Addis Abeba – A new study has found that, by driving deforestation, the war in Tigray is undermining a highly successful regional environmental restoration program that was intended to improve food security in a region affected by frequent famines. The program used tree planting, and soil and water management to boost the agriculture that 75% of Tigrayans rely on. If it continues, the deforestation trend could impact food security and reduce the ability of rural communities to recover from the war.
The Conflict and Environment Observatory (CEOBS) used satellite data to examine changes in vegetation during the first 12 months of the conflict, identifying declines in trees and shrubs affecting at least 280 km2 of Tigray. To make certain that the changes were as a result of the war, CEOBS excluded the influence of rainfall, temperatures, vegetation fires and locusts. Local sources support the idea that the vegetation declines are being driven by the collapse in the fuel supply in Tigray as a result of the blockade, with military forces and/or local communities turning to timber to use as a cooking fuel or in charcoal production.
“Vegetation loss matters for farmers in Tigray,” said CEOBS’ Researcher Henrike Schulte to Bühne, who led the study. “The recovery of vegetation, especially woody vegetation, was the keystone of a regional strategy to improve water and soil retention, and therefore agricultural productivity.” Trees and shrubs slow rainfall and help it to enter into the soil, this also reduces run-off that can strip away fertile topsoil.
The decades-old program in Tigray is a famously successful nature-based solution. Research had shown that in locations studied it had increased crop productivity by between 12-50%, and that water and soil interventions had reduced erosion rates by 68%, when comparing 1975 with 2006. Restoration was run by communities, with individuals volunteering each year to build dams, ponds and bunds to manage soil and water. Communities also agreed to exclude their livestock from almost 25% of Tigray to allow the vegetation to recover, these so-called exclosures had also played an important role to the re-greening of the region.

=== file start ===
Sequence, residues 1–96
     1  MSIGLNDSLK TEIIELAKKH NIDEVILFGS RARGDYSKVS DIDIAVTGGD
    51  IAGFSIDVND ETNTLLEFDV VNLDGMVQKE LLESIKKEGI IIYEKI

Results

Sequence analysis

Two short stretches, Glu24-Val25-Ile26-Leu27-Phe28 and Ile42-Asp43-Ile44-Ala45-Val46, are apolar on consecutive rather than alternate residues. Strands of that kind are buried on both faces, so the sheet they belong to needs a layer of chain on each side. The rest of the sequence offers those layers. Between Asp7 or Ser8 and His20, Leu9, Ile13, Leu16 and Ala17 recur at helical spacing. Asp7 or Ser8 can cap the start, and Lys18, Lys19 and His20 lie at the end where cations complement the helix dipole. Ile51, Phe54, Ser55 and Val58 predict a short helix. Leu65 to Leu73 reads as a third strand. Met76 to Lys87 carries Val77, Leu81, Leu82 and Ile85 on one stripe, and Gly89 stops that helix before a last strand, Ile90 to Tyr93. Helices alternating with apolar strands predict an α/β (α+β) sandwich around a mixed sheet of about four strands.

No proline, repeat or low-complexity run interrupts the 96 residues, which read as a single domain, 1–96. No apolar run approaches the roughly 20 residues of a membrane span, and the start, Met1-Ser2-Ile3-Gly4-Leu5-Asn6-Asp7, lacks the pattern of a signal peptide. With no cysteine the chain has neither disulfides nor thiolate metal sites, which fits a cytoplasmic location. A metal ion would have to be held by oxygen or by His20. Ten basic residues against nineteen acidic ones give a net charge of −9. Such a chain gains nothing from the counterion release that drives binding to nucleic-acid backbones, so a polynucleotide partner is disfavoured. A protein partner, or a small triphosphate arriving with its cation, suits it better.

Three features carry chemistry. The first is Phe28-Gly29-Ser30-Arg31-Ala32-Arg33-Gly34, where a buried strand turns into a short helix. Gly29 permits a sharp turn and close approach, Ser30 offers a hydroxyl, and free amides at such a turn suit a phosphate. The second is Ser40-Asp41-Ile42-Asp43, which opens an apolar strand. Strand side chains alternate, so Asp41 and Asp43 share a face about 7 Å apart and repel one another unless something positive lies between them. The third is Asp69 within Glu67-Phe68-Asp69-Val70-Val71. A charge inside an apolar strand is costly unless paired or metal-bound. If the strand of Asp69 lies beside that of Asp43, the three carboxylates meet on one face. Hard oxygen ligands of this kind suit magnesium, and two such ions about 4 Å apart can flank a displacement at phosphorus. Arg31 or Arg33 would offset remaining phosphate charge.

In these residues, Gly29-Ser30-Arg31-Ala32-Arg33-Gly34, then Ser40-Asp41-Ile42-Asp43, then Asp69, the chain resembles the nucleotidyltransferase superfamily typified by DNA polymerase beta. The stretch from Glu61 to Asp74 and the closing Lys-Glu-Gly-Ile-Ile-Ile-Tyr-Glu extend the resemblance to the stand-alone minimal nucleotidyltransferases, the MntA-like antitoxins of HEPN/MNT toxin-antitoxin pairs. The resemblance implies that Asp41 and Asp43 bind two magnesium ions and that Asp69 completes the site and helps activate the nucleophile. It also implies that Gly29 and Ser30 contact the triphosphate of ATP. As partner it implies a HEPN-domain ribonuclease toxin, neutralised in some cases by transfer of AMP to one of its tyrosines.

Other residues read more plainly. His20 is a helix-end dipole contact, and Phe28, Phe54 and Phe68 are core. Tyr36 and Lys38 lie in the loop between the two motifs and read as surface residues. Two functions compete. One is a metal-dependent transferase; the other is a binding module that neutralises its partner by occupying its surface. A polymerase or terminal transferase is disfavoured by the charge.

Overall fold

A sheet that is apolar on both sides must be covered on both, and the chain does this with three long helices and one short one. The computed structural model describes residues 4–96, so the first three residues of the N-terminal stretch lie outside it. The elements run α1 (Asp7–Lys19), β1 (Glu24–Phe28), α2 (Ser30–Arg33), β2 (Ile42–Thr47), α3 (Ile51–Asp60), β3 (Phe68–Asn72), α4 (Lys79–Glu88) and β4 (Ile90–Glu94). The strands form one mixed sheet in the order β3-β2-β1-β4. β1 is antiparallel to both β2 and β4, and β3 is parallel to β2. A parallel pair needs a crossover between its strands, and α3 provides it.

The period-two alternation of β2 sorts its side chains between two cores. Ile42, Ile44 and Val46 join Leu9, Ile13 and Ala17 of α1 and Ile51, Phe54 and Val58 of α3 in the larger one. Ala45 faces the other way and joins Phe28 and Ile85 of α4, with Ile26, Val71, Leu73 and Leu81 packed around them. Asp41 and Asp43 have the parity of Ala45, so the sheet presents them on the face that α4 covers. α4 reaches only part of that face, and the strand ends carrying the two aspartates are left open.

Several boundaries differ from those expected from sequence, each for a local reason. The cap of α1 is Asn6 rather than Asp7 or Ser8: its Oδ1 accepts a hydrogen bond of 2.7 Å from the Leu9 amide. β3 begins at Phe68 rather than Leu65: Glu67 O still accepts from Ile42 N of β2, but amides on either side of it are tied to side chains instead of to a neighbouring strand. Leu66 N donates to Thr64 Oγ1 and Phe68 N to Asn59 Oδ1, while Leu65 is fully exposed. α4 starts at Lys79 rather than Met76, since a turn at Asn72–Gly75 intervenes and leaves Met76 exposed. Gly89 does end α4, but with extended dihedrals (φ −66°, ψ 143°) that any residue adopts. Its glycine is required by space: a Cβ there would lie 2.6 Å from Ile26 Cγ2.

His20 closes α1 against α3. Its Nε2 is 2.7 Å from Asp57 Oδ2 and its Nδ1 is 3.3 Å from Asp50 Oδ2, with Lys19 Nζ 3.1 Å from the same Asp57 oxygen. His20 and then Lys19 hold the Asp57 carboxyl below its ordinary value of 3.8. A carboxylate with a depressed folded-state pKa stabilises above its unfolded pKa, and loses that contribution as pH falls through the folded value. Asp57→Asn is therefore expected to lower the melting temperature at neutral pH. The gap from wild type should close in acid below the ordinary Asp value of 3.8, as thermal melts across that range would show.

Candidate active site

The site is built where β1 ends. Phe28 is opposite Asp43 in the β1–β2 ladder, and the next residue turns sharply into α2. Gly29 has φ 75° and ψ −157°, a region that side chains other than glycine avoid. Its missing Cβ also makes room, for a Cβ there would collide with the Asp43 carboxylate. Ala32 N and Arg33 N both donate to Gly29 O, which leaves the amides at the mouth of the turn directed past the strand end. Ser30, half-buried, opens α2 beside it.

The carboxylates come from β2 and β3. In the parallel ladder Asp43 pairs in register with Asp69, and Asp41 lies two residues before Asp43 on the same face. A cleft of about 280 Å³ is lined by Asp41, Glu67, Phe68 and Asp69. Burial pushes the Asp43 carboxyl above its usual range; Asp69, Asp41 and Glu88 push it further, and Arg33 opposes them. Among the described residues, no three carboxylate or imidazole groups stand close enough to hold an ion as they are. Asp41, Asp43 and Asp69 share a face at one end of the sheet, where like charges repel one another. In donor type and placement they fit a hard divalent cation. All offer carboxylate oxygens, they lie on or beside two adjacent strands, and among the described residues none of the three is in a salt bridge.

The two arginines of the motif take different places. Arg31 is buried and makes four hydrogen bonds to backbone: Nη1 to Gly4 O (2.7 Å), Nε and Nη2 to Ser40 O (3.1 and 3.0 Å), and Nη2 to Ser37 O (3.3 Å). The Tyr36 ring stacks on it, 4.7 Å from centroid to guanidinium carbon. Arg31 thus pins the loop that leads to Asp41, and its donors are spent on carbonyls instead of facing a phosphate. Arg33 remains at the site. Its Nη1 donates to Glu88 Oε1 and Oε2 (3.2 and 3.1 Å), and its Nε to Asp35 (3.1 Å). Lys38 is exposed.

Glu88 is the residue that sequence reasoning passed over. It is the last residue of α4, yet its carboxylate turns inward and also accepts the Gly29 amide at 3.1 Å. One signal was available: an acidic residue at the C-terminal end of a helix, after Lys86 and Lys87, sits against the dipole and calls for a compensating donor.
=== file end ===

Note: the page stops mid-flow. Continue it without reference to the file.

“The continued loss of woody vegetation due to the conflict, together with other forms of environmental degradation, threatens to erode two decades of successful landscape restoration across Tigray”
The study used data gathered before the war to help map where trees and shrubs were in 2020. Satellite data was then used to examine changes in how healthy the vegetation was, and how much was lost in the first 12 months of the war. Declines were visible across Tigray, with hotspots along a northeast-southeast axis, south of Shire, around the Kafta-Sheraro National Park, and in the southwest. While vegetation had increased in some areas of Tigray, the increases were at a lower rate than in previous years with similar growing conditions.
The continued loss of woody vegetation due to the conflict, together with other forms of environmental degradation, threatens to erode two decades of successful landscape restoration across Tigray, and with it, food security. However, it is likely that landscape restoration in Tigray is also buffering some of the impacts of the war on people and the environment by reducing the negative impact of conflict-driven vegetation loss.
“Because of the environmental restoration program, Tigray had more vegetation and a more productive landscape than would otherwise have been the case,” said Doug Weir, CEOBS’ Research and Policy Director. “This protective function suggests that nature-based solutions may be able to help reduce some of the effects of armed conflicts on people and ecosystems.” Dispatch